How Much Does Cybersecurity Insurance Cost?
The cost of cyber liability coverage for a small business generally starts at $2,500. For medium- and large-size businesses, the yearly premium could be a few thousand dollars to tens of thousands of dollars per $1 million in coverage. However, the cost will vary for each business, depending on the following.
Some industries such as healthcare, higher education, retail and manufacturing organizations are targeted by cybercriminals more often than others. Organizations in these sectors store the types of data (e.g., social security numbers, credit card information, bank account numbers, etc.) most prized by threat actors, putting them at greater risk for a cyber event. In the case of manufacturers, cybercriminals know that companies lose a lot of money every hour a line is down and that chaos can quickly erupt, pressuring the organization to pay a high-dollar ransom quickly.
Number of Employees
The greater the number of employees, the more opportunities cybercriminals have to access a company’s sensitive information and infrastructure. Unfortunately, employees are the most significant cyber weakness in any organization.
The more money an organization has, the more attractive it becomes to cybercriminals. However, smaller organizations are typically easier targets because they don’t usually have the in-house cybersecurity resources that larger organizations have. This makes small companies attractive, too.
Risk Profile and Claim History
Insurers want proof that a company has done everything possible to prevent cyber events. Actions include such things as training employees to recognize phishing scams, implementing multifactor authentication and endpoint detection and response, patching software regularly, and more. Read “6 Steps to a Better Cyber Insurance Policy” to learn more. Of course, those with no claims will be in the best position to obtain cybersecurity coverage.
Deductibles and Limits
As with most types of insurance, the deductible (the amount a company will pay before its insurance kicks in) and the limits (the maximum amount the insurer will pay for a claim) impact the cost of the premium. Generally, the more risk an insured is willing to assume, the lower the premium. When a company is willing to assume more risk, it signals to the carrier that the organization is confident in its cybersecurity measures.
Use This Cyber Insurance Coverage Checklist
Insurance is not the first line of defense against a cyberattack. Planning and preparation are. Before you and your broker approach the cybersecurity insurance coverage marketplace, be prepared to show all the planning and steps your organization has taken to prevent a cyber event.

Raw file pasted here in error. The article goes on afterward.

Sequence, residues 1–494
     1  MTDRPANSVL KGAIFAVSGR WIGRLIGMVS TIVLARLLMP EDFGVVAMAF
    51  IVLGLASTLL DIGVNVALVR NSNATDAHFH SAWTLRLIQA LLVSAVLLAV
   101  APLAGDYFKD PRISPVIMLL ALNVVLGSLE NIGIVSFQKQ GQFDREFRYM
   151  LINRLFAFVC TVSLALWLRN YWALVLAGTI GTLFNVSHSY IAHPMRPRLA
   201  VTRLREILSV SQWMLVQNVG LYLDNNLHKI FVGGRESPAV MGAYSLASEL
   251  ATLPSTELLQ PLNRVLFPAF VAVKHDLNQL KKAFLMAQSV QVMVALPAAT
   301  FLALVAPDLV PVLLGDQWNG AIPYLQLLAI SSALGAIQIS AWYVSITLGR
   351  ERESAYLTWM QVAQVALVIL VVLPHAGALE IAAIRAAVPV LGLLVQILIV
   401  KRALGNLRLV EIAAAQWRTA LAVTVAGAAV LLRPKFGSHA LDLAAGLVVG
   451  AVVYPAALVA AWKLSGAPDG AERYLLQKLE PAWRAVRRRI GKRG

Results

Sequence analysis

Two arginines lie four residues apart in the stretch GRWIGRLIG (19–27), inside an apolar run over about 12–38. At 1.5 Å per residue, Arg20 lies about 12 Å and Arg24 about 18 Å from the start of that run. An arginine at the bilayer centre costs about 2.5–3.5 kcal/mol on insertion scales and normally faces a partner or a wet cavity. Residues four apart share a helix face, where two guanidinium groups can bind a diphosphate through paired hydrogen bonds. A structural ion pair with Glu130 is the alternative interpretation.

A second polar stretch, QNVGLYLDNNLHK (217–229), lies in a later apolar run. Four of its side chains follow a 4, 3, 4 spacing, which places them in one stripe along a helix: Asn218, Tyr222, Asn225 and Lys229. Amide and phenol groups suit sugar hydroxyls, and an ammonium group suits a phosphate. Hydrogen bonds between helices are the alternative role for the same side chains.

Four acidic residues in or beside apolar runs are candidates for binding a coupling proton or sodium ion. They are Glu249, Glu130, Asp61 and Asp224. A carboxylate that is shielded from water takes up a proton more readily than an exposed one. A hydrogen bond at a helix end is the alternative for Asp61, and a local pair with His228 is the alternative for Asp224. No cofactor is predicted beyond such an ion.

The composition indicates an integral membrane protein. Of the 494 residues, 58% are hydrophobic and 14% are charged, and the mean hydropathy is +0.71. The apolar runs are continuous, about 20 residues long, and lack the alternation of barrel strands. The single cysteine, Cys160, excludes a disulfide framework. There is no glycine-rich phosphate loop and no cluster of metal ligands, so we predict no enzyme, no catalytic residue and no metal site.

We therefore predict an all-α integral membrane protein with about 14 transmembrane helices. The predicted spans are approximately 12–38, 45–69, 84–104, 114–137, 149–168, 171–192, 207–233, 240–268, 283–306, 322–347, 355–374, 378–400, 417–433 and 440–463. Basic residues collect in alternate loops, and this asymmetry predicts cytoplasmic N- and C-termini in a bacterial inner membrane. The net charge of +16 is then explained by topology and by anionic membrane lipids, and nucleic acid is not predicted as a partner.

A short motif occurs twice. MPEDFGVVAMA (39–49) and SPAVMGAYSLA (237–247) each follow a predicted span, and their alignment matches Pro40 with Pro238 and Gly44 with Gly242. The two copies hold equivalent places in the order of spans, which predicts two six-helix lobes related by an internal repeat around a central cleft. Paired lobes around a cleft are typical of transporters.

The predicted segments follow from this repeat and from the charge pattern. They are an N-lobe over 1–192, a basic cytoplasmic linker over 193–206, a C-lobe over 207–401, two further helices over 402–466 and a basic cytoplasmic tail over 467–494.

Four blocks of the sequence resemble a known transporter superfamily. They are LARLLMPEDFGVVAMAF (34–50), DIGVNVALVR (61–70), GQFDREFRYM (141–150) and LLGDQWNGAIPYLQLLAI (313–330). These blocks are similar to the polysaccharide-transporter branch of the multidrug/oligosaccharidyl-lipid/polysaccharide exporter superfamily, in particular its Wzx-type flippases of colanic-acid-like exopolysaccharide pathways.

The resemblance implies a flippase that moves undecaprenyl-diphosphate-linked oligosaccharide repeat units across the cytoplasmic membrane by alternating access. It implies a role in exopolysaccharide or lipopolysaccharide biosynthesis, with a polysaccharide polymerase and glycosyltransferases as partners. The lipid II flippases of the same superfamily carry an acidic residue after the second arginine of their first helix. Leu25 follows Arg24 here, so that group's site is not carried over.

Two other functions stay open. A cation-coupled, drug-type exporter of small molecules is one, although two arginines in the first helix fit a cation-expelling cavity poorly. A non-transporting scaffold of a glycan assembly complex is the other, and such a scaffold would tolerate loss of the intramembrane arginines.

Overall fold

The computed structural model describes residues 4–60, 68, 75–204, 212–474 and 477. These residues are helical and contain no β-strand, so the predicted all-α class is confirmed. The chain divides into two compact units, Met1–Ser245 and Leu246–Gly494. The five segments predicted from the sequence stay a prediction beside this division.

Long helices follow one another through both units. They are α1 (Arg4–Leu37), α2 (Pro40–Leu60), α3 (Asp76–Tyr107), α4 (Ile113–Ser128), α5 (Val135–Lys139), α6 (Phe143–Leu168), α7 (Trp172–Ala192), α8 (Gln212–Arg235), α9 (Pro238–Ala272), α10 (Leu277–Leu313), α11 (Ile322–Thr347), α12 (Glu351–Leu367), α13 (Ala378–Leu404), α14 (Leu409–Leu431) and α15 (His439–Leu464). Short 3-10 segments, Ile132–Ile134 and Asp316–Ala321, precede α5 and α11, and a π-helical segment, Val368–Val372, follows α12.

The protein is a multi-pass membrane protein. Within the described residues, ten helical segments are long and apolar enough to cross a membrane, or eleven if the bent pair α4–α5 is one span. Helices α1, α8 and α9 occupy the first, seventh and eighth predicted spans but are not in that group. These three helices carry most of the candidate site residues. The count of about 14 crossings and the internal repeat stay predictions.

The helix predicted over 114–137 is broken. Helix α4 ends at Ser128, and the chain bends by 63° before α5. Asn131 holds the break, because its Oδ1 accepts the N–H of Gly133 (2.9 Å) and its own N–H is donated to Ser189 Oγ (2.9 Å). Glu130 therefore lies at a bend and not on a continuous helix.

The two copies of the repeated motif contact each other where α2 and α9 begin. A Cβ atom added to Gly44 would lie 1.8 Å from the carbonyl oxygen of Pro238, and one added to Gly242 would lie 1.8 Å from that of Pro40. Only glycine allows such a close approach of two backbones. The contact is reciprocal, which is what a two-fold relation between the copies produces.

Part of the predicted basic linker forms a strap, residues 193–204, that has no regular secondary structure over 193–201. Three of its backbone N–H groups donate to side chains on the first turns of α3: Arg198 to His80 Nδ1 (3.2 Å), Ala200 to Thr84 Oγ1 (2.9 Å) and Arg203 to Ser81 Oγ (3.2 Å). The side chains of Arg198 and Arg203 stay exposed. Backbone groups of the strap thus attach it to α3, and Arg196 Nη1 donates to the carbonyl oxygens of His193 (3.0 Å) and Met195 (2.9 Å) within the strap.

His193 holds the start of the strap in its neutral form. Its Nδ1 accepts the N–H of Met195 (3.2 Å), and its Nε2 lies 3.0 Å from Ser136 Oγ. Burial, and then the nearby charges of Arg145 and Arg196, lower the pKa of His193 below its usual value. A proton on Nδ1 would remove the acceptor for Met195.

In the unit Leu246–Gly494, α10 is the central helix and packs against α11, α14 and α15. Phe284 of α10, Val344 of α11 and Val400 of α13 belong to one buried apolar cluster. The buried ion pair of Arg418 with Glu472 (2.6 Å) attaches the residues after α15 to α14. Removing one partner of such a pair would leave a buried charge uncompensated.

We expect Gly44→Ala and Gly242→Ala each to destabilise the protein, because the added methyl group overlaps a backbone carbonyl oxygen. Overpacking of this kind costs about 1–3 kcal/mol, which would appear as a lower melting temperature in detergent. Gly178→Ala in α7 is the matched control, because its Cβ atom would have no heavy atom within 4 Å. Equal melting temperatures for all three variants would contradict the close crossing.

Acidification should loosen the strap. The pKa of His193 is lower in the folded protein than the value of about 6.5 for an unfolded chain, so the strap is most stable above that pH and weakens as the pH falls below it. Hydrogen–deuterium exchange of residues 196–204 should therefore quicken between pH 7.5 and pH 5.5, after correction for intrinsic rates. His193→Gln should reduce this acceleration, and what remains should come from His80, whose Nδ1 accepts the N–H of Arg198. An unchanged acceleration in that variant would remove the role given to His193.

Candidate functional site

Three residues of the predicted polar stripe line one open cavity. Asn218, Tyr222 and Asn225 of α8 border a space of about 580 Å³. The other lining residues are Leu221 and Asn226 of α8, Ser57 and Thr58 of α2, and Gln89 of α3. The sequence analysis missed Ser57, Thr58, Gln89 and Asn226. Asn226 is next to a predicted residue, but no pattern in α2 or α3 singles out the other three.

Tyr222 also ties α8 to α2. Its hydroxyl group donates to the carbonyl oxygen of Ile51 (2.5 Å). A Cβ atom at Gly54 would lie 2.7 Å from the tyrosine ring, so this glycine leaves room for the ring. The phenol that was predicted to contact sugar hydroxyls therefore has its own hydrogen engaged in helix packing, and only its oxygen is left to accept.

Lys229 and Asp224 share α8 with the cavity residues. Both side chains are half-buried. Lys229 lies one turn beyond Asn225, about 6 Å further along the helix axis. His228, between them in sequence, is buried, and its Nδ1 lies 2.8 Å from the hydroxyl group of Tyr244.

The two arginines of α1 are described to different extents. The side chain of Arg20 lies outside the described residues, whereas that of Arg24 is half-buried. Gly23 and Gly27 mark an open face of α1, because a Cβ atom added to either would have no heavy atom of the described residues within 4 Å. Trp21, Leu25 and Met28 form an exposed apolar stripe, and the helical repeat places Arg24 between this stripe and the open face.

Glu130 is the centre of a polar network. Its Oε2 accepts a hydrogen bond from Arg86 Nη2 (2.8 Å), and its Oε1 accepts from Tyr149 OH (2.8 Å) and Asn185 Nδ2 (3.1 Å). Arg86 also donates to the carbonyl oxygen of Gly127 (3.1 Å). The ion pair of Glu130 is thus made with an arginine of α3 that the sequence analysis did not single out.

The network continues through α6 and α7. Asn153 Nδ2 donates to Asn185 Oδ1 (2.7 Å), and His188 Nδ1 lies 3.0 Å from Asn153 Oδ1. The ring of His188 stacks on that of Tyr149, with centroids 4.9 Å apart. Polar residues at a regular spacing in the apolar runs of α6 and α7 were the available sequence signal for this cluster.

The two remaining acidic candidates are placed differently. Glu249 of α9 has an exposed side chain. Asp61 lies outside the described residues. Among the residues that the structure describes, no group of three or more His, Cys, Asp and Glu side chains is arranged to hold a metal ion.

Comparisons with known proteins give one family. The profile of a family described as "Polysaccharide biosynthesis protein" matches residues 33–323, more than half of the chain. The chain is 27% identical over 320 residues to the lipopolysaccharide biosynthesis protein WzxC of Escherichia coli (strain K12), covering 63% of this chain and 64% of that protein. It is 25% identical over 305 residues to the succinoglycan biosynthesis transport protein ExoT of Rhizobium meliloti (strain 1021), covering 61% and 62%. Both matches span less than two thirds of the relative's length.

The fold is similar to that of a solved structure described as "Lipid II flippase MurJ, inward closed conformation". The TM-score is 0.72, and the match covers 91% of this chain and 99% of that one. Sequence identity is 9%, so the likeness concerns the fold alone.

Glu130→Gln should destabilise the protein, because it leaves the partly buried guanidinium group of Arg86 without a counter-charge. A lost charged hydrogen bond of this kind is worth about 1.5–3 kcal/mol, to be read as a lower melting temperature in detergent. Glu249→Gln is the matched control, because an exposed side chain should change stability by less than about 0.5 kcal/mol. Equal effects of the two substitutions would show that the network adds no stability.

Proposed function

Use this checklist to get started.
- When was the last time you conducted a complete cyber risk assessment?
- How frequently do you perform penetration testing?
- How frequently do you perform vulnerability scans?
- How frequently do you conduct phishing tests?
- What is your patch management cadence?
- How often is your anti-virus software updated?
- Have you implemented multifactor authentication and endpoint detection and response tools?
- How do you manage system access?
- Do you have an incident response plan in place? If so, what cybersecurity framework do you use (e.g., NIST, ISO, etc.)?
- When was your incident response plan last updated?
- How frequently do you conduct incident response tabletop training exercises?
- Do you have offline backups?
Working with RSM, the nation’s leading provider of consulting services focused on the middle market, Hylant has created a free online cybersecurity assessment that will help you determine if your cyber posture meets insurance carrier expectations. Take it now to better understand your cyber maturity level and to be able to address issues that can limit your cyber insurance options.
Working with the Right Cyber Insurance Team
Cyber risk management is complex, and the consequences of a poor plan or insurance policy can be severe. It pays to work with experts.
Hylant’s dedicated cyber risk and insurance team works with IT organizations to help their leadership teams, boards of directors and risk managers understand and address their cyber risks. We provide risk profiling, exposure quantification, insurance procurement and negotiation, risk readiness and incident response planning services. Working with our clients, we minimize the potential financial and reputational impacts of cyber events on their organizations.
The above information does not constitute advice. Always contact your insurance broker or trusted advisor for insurance-related questions.